Next, with respect to FIG. 4, there is shown one embodiment of a representative functional block diagram of the impedance sensing circuit 45 shown in FIG. 3. Such impedance sensing circuit 45 includes a differential amplifier 47 that monitors the voltage across the sense resistor RS and generates an output voltage, VI, as a function thereof. The output voltage V0 and the current-sense voltage VI, are then applied to a division circuit 48 where the output voltage V0 is divided by the current-sense voltage VI, to produce the impedance voltage VZ. The impedance voltage VZ is then applied to the PW and Freq. Control circuit 46 (FIG. 3) so that appropriate adjustments are made to the PW and duty cycle in order to automatically bring about needed impedance transformation whenever a significant change in the power (V0 and I0) delivered to the load RL is sensed. In this manner, i.e., with appropriate impedance transformations automatically occurring within the implanted device 14, the impedance seen by the external source 23 remains relatively constant, thus maintaining the efficiency with which power is coupled into the implanted device 14.
It should also be noted that the impedance transforming process made possible by the invention may also be used to compensate for variations in transfer efficiency that occur due to coil separation, i.e., the separation between the external coil 24 and the implanted coil 32.
Turning next to FIG. 5, a simplified functional block diagram of one embodiment of the pulse width (PW) and frequency control circuit 46 is shown. As seen in FIG. 5, a first differential amplifier 51 compares the impedance voltage VZ to a first reference voltage VR1, producing an output voltage VΔZ representative of changes in the impedance voltage compared to the first reference voltage VR1. That is, the output voltage VΔZ provides an indication of changes in the output impedance Z0=V0/I0. The voltage VΔZ drives a voltage controlled oscillator (VCO) 54. The VCO 54 generates a pulsed waveform 54 a having fixed narrow pulses. This waveform 54 a is applied to a pulse width (PW) control circuit 55, which converts the narrow pulse widths of the waveform 54 a to a waveform 55 a having wider pulse widths that vary as a function of a PW control signal 52 a. The PW control signal 52 a is generated by a second differential amplifier 52, or comparator circuit, that compares the output voltage VΔZ(which represents changes in output impedance) to a second reference signal VR2, and causes the pulse width to change as a function of the difference between VΔZ and VR2. In this manner, changes in the output impedance signal VZ relative to a first threshold VR1 affect the frequency of the switch control signal 55 a, and changes in the signal VΔZ relative to a second threshold VR2 cause the pulse width (PW) of the switch control signal 55 a to vary. As the pulse width and frequency of the control signal 55 a vary, an impedance transformation takes place that makes the coupling of power into the implant device 14 more efficient.
In the event that the output voltage V0 changes a significant amount due to large changes that occur in the power delivered to the load of the implant device, e.g., should changes be needed in the impedance transformation beyond those possible through just frequency and pulse width control, then the multiplication factor n associated with the step-up control circuit 42 (FIG. 3) is adjusted accordingly. Control of the multiplication factor n is triggered by control signal 53 a, generated by a third differential amplifier 53, or comparator circuit, that compares the change in impedance voltage VΔZ to a third reference signal VR3.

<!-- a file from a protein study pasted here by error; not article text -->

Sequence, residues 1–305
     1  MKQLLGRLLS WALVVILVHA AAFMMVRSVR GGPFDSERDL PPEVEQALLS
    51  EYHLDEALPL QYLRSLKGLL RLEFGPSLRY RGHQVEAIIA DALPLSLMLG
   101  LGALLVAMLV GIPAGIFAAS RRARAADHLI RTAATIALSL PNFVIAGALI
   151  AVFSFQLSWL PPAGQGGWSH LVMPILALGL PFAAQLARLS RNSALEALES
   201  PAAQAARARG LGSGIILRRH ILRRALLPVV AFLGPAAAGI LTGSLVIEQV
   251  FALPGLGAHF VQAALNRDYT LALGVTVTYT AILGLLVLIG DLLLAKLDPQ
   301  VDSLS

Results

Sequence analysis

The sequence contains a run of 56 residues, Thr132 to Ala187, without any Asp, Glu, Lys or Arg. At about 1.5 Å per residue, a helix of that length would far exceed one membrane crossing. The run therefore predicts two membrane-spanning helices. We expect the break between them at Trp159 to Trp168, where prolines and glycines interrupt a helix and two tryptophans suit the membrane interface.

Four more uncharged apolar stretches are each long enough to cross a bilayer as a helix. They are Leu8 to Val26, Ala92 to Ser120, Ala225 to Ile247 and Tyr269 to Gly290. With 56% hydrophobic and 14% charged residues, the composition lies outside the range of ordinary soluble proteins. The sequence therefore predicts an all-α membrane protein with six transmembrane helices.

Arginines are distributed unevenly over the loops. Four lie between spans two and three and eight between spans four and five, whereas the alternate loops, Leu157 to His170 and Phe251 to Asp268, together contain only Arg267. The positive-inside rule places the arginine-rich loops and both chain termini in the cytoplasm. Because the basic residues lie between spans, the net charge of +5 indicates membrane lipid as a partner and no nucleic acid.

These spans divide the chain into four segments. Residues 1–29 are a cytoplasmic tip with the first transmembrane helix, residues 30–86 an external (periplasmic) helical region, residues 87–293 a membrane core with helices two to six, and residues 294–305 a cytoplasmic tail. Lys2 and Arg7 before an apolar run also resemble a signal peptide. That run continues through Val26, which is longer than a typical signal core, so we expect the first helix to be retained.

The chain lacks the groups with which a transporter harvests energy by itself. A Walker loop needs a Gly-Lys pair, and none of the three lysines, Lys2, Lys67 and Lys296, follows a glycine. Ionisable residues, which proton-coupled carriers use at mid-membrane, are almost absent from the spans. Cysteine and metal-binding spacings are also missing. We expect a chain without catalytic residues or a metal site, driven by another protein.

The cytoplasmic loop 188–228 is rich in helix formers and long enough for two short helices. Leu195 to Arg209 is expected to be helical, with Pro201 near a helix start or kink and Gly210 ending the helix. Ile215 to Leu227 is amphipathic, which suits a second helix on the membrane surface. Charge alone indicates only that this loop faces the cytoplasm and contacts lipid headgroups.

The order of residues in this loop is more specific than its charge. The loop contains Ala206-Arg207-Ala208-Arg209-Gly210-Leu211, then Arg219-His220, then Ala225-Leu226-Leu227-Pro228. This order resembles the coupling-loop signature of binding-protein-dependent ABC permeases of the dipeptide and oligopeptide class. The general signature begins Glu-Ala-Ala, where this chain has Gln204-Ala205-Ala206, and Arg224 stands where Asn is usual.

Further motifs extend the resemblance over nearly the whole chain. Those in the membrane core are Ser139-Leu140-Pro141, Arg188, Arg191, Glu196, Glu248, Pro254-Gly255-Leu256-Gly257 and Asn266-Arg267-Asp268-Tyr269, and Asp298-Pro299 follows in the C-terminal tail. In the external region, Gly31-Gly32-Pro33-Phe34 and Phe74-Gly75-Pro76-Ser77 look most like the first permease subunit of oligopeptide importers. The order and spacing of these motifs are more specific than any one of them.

Thus, under a low power operating mode, e.g., a mode where the power (V0, I0) delivered to the load RL is relatively low, a typical switch control signal 55 a may have an amplitude V, a pulse width PW1, and a period T1 that is as shown in FIG. 6, waveform (A). In such mode, the duty cycle of the stabilization boost regulator 40 remains relatively low. Under a high power operating mode, e.g., a mode where the power (V0, I0) delivered to the load RL is relative high, a typical switch control signal 55 a may have an amplitude nV, a pulse width PW2, and a period T2 that is as shown in FIG. 6, waveform (B). In such mode, the duty cycle of the stabilization boost regulator 40 may be relatively high. In either operating mode, however, the impedance of the implant device 14, as seen by the external charging device 12, may remain relatively constant, thereby promoting the efficient coupling of power into the implant device.
It should be noted that the changes in frequency that occur in the control signal 55 a (e.g., as the period varies from T1 to T2, FIG. 6) are not related to the frequency of the rf signal that is inductively coupled form the external coil 24 to the implanted coil 32. Such rf frequency of the coupling signal may remain at a constant frequency, e.g., 49 MHz, thereby simplifying the external circuitry and minimizing regulatory requirements associated with variable frequency transmissions.
Other embodiments of the invention may also be used. Further, as those of skill in the art will recognize, the use of a switching regulator circuit may easily lead to instability problems. That is, switching regulators are prone to “bistability”, as discussed in article: “Source resistance: the efficiency killer in DC-DC converter circuits”, previously referenced. Such article discusses, intra alia, the common design criteria and design problems associated with DC-DC converters.
In order to avoid the bistability problems that have plagued prior art designs, an unconventional extended control loop may be employed. Such extended control loop prevents bistable runaway, and allows full operation of the circuitry (FIG. 3 et seq.) described herein. Basically, such extended control loop includes a fold-over loop, and an under-voltage loop, which in combination prevent the switching regulator from running away, and tell the RF source to increase or decrease its output level. A block diagram of this approach is shown in FIG. 7.